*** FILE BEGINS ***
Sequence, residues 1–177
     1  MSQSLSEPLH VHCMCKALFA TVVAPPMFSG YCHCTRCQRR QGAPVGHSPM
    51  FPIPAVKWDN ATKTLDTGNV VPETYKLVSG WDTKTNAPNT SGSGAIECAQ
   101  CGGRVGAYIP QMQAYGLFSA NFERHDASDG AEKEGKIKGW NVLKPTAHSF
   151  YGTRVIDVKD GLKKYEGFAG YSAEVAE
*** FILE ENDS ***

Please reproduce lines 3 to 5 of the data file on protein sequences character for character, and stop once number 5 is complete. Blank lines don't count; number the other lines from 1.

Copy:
    51  FPIPAVKWDN ATKTLDTGNV VPETYKLVSG WDTKTNAPNT SGSGAIECAQ
   101  CGGRVGAYIP QMQAYGLFSA NFERHDASDG AEKEGKIKGW NVLKPTAHSF
   151  YGTRVIDVKD GLKKYEGFAG YSAEVAE